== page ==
KC Public Library Blog

Drawn from the Heartland

Postcard of self-portrait of Thomas Hart Benton, painted by the artist in 1970

April 15, 1889: Thomas Hart Benton, a painter who will go on to lead the regionalist movement in American art in the 1930s from his studio in Kansas City, is born in Neosho, Missouri.

Library Life

Bareknuckle Books

Which author would win in a (literary) fight? That’s the question you get to help answer during BAREKNUCKLE BOOKS, our Author Cage Match - “Paperweight” Division.

Poems For Tiny People and The Grown-Ups Who Love Them

Silver Moon: Lullabies and Cradle Songs by Jack Perlutsky and illustrated by Jui Ishida

Poetry does not need to be lofty. It does not need to be revolutionary. It does not need to rhyme or follow a particular form. It can do all of these things, but it doesn’t have to. When we celebrate National Poetry Month every April, sometimes we forget that it is for all ages. That’s right; even tiny babies can enjoy poems.

Poetry: Your Pen is Mightier

Indivisible: Poems for Social Justice

What do you believe in? What do you stand for? Sometimes, unfairness in the world can make you feel like you are going to explode. At the same time, you can feel helpless. Absolutely powerless. But you aren’t. Your words can awaken. They can embolden. They can ignite.

Library Life

With $100,000 Grant, Library to Launch Financial Literacy Program

The Kansas City Public Library has received a $100,000 grant to help launch a new, two-year program aimed at improving financial literacy.

Book Reviews

The Penguin Book of First World War Poetry

Some of the poets associated with World War I are among the greatest of the 20th century: Siegfried Sassoon, Wilfred Owen, Edmund Blunden, Isaac Rosenberg, to name a few.

Bottoms Up

Postcard of the old Union depot at Union Avenue and Santa Fe Street

April 7, 1878: Union Depot, Kansas City's first large train station, opens in the West Bottoms after $410,028 in construction costs.

Teens have the power to Save MO Libraries!

People from all over Missouri met at the State Capital to ask Governor Nixon to release the $6 million he is withholding in state aid to libraries. Two busloads of teens from Kansas City led the protest and sent powerful message to their state legislators!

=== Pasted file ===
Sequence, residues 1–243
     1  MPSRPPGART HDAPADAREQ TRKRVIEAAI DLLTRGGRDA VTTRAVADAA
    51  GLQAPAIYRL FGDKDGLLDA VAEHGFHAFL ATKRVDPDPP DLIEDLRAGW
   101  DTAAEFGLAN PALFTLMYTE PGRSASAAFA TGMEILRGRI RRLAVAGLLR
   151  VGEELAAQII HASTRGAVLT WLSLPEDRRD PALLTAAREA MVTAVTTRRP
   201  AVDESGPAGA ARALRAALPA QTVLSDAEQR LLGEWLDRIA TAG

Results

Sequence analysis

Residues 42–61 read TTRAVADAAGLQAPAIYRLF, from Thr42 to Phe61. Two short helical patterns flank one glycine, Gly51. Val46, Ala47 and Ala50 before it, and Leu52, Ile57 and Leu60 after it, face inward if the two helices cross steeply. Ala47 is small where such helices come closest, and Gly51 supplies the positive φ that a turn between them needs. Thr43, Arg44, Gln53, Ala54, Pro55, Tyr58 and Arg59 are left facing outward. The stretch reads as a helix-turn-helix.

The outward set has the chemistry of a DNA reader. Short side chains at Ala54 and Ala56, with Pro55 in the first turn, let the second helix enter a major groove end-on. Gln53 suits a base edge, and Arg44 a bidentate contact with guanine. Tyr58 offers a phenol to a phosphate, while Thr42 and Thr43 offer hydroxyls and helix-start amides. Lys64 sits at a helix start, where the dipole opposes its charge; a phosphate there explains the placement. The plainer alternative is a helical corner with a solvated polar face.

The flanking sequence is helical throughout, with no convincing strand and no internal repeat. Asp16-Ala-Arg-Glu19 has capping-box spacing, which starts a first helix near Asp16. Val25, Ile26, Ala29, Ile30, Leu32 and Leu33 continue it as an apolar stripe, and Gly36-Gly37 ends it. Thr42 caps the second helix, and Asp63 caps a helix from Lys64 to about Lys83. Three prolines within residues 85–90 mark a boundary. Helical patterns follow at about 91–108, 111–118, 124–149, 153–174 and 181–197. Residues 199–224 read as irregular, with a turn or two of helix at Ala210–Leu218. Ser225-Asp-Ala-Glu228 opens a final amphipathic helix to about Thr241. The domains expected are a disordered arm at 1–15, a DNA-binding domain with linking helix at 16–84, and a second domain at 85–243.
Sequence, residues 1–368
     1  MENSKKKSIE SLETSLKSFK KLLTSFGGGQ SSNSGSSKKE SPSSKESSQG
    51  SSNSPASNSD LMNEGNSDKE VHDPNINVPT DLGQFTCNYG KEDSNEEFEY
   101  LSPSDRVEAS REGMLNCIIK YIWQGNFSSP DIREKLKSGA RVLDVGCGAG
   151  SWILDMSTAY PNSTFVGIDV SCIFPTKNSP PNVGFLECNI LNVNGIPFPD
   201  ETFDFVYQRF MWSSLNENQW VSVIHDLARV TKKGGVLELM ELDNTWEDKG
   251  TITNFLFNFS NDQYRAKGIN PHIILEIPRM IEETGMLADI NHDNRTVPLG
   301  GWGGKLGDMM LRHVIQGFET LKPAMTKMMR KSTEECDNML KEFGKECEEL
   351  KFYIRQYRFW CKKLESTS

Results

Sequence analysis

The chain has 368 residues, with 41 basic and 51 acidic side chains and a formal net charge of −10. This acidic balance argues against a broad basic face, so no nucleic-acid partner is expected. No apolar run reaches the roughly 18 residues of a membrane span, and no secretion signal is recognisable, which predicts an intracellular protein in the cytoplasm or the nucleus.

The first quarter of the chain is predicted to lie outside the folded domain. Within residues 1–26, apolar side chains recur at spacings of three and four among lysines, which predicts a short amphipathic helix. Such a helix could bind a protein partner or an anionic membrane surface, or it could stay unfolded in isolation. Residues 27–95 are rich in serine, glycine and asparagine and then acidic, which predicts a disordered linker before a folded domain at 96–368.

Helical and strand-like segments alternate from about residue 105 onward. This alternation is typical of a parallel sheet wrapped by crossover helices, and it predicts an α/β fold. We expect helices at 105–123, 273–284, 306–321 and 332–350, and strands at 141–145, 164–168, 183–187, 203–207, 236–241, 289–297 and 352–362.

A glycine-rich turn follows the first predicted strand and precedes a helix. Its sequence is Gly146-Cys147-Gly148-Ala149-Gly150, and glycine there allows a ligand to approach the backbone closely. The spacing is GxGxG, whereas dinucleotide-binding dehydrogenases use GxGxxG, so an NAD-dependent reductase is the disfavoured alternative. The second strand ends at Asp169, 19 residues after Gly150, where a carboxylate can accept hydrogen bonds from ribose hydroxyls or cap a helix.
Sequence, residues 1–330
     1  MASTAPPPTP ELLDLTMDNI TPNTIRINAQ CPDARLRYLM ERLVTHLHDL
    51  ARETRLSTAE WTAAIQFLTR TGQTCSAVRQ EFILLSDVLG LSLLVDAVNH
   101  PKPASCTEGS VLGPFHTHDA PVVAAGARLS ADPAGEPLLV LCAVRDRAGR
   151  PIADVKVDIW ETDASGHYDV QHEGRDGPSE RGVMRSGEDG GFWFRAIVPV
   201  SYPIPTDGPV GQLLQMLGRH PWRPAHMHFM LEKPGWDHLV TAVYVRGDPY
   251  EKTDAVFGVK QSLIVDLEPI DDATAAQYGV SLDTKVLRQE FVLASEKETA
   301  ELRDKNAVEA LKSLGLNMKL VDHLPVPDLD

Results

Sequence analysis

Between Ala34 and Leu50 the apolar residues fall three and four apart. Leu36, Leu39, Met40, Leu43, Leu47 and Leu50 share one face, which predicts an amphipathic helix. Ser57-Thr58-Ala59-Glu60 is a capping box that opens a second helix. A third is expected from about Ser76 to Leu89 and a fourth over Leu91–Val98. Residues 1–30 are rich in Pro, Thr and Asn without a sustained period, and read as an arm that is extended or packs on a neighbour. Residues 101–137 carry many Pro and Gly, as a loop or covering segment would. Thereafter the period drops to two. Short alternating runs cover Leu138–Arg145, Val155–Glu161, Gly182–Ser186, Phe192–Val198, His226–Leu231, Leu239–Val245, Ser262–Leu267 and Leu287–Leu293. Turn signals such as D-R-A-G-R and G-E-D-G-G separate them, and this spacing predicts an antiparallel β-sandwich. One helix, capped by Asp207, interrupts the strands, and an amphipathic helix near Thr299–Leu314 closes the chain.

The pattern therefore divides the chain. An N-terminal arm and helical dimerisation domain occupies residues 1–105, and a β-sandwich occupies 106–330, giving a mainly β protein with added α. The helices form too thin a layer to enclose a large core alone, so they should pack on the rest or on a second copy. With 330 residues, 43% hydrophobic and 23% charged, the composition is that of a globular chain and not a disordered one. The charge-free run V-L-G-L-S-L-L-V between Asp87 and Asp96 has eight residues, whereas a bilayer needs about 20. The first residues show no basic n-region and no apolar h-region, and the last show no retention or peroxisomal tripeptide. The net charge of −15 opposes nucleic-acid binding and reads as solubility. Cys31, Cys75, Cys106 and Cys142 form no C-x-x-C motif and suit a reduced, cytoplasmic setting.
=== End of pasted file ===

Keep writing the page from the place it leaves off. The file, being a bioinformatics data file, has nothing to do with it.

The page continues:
Wrong Way Corrigan

Bernard Corrigan

March 31, 1882: In an editorial, The Kansas City Star supports a new streetcar company and argues against a monopoly held on Kansas City transportation by Thomas Corrigan.

Book Reviews

Information Doesn’t Want to Be Free by Cory Doctorow

Information Doesn’t Want to Be Free: Laws for the Internet Age

Information Doesn’t Want to Be Free: Laws for the Internet Age by Cory Doctorow is, as one would expect, an incisive and lively exploration of the issues surrounding copyright and enforcement in the Internet Age.

Secrets of Chambers

Annie Chambers

March 24, 1935: Annie Chambers, who owned a 25-room house of prostitution in Kansas City, dies at the age of 92. By the time of her death, Chambers' own life had neatly paralleled Kansas City's untamed years of the late nineteenth century.

Local History

Rivers, Roads, and Railways: Catalyst for Development

Sitting at the confluence of two rivers near the edge of the western frontier, the area we know today as Kansas City seemed destined to become a major transportation hub between the East and West.

Camp Fire's Absolutely Incredible Kid Day

Camp Fire's Absolutely Incredible Kid Day

Kids are amazing! They all bring something unique and interesting to the world. We wouldn't be able to see things the way that we do without the perspective that they provide.

A Man of Many Parts

Lafayette Tillman

March 15, 1858: Lafayette Tillman, who will go on to become a veteran of the Spanish-American War and one of Kansas City's first African American police officers, is born in Evansville, Indiana.

Book Reviews

Tarzan the Untamed by Edgar Rice Burroughs

Tarzan the Untamed

This novel is quite unique in the Tarzan canon as it is the only one that makes reference to the Great War. The novel, though written in 1919 and published in book form in 1920, is set in 1914.